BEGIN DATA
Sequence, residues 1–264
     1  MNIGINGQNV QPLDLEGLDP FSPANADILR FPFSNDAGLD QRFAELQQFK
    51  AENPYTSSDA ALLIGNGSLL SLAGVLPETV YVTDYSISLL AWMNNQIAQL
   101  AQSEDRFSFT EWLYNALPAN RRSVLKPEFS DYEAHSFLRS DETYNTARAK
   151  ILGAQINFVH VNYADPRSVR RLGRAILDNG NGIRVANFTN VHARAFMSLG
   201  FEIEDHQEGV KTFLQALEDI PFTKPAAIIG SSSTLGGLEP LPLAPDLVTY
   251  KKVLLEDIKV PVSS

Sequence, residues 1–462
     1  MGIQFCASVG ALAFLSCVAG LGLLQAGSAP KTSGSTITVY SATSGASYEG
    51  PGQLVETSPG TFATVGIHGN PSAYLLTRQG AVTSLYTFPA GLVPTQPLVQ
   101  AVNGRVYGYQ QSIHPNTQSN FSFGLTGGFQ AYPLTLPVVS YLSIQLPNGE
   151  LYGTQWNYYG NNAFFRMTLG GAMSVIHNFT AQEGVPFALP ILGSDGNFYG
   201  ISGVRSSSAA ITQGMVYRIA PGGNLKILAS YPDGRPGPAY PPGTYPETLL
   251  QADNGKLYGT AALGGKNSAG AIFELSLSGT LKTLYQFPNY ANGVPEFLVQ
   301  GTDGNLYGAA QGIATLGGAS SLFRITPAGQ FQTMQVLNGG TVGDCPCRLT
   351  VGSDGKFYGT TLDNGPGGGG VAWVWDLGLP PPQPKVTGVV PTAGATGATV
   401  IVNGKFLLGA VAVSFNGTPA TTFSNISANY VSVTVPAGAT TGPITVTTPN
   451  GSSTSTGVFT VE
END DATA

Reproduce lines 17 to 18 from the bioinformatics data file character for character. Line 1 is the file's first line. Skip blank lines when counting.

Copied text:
   401  IVNGKFLLGA VAVSFNGTPA TTFSNISANY VSVTVPAGAT TGPITVTTPN
   451  GSSTSTGVFT VE